NYC fashionistas are sporting Western Wear. This weekend, I ran into a gorgeous Brit (pic above) wearing a cowboy hat which he tells me is all the rage in London. Who knew? But he looks amazing. Randomly, this same weekend, I saw an old-timer from the Lower East Side, wearing his cowboy hat at Whole Foods (very prescient with his style choices, see pic below). Stores like Filson are increasingly sought out for their western fashions and home goods. This summer in Denver I also discovered Rockmount Ranch Wearwhich carries authentic Western Wear (I bought a gorgeous belt there!). It’s a shopping destination for many performers and celebrities including Brandi Carlile. It’s also where everyda Coloradans shop. During my visit, a group of teens was trying on cowboy shirts. I realize now they may have been inspired by Lil Nas X.
The Rockwell Group designed hotel (and the fab new Cathedrale restaurant) was very lively last week. The hotel was filled with millennial business travelers who seemed to be ecstatic about the place as they checked in and enjoyed Happy Hour. Kudos to all involved.
The interior design is boiler-plate millennial, i.e., eclectic vibe, art installations (by Michael Sanzone), outdoor space, lots of room for co-working and hanging out. Rooftop bar and lounge opening in 2020.
Cathedrale, the restaurant in the hotel, is spectacular. It was conceived by the Tao Group’s Chef/Partner Ralph Scamardella, in collaboration with Executive Chef Jason Hall. The food is French-Mediterranean.
Room rates at the Moxy run in the $400 range but seem to be lower on the weekends which suggests their guests will primarily be the young business travelers.
The one downside, from my perspective, are the stairs. The lobby and the restaurant are both at basement level. It feels congested getting into and out of the hotel.
Flipper’s, the renowned pancake chain from Japan, just opened its first US outpost in Soho. On my second try, I got in. And not only did I taste the most divine pancakes, but I also discovered two celebs in line (one of whom Instagrammed it was the first time she had ever waited in line for anything!).
The Flipper’s menu is vast and includes regular pancakes, salads, bubble teas and so on but I came for the “miracle pancakes.” And they were miraculous indeed.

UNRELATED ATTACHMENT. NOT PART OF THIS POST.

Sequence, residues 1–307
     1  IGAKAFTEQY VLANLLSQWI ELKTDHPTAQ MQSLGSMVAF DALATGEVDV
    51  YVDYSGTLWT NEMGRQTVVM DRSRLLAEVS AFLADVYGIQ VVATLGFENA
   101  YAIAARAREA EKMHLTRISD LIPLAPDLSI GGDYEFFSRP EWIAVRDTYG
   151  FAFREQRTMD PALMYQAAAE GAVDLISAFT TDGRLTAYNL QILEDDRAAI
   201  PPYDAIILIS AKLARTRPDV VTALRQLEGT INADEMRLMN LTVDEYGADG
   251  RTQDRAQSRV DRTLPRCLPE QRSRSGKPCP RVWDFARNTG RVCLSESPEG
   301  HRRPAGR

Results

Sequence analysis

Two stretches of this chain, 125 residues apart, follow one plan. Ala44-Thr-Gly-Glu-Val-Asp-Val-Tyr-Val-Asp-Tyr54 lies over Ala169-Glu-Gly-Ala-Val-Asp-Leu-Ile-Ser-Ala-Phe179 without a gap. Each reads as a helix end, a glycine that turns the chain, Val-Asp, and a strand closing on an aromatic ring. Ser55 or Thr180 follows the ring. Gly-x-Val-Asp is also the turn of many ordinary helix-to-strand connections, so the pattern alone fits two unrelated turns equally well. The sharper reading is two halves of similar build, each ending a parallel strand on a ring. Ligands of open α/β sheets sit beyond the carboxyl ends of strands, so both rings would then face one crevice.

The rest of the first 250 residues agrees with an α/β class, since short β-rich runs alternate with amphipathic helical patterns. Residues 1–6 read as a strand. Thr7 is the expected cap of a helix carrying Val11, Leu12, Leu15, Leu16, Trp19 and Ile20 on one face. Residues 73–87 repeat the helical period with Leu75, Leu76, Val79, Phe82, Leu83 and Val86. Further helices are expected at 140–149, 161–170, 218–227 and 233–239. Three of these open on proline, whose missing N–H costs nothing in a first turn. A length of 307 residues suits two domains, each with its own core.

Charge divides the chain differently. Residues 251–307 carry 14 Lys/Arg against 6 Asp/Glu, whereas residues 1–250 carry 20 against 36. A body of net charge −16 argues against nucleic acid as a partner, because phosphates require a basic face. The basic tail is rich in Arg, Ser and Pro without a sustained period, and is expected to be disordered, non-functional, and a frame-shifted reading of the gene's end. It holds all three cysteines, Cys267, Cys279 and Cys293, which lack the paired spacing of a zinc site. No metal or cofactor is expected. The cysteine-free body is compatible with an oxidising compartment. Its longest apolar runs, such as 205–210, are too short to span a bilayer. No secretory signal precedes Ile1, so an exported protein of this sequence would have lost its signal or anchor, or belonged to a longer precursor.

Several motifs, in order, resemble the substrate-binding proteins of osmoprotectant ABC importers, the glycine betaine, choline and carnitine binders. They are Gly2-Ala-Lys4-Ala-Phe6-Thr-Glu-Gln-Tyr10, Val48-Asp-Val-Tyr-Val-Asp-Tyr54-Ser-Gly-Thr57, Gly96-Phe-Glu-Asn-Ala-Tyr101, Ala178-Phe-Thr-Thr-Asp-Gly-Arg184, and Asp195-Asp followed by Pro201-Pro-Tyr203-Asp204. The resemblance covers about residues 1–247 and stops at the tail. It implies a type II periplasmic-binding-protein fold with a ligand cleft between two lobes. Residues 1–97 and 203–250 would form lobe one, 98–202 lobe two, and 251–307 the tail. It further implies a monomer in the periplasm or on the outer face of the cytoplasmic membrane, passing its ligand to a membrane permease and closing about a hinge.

It takes them 20 minutes to make so things are a little slow-going at the moment.
On Friday, when they opened, the line was three-to-four hours long. I decided to try again on another day.
My next attempt was yesterday morning (Sunday). I arrived at 10:05 and was among the first 10 people in line.
In front of me: Daym Drops, the YouTube food reviewer with 1MM followers and Bethenny Frankel(one of the initial Real Housewives of NYC). She could not believe she was waiting in line. Truth be told, she had a guy waiting in line for her until about 10:50 at which time she rolled up with her daughter. Pics below.
A few more details on Flipper’s:
It’s in Soho at 377 West Broadway (corner of Grand)
Hours are 11am – 7pm.
It’s a 2-story restaurant with seating upstairs and take-out downstairs (although that’s not operational yet)
It’s a gorgeous space, beautifully designed
I ordered the classic souffle pancakes and they were as divine as I had imagined they would be.
They come three to an order which is a bit too much for one person.
Unfortunately, they have no take-out boxes but I was able to share them with a family at my communal table. They had just been informed there would be an hour wait for their food.
Scroll down for photos and most importantly, videos of souffle pancakes in the making.
Anybody else find it peculiar that the media calls out celebrities each time they re-wear an item? Like it’s a bad thing. I detect some sort of unspoken pact between celebs and the paparazzi that they must feed them newness at all times.
“The Kate Effect” Vs. “Markle Sparkle”
This has been especially true for the young royals who are doing their part to keep the economy humming when it comes to fashion.
According to SEMrush, a data provider who has analyzed the duchesses’ influence on retail:
Markle is searched 35% more than Middleton.
Top searches for Markle’s style include sunglasses, which are searched six times more than Middleton
Jeans, searched 58% more.
Markle’s lipstick choices are searched 190% more than her sister-in-law’s.
Sadly, Middleton is winning only in the hat department, with searches 30% higher.
Other differences in Meghan’s influence versus Kate’s include:
Meghan has a strain of cannabis named for her. “Markle Sparkle” was named in her honor by a grower in Oregon! And Snoop Dogg has bought some and let it be known he’d like to smoke some weed with the duchess.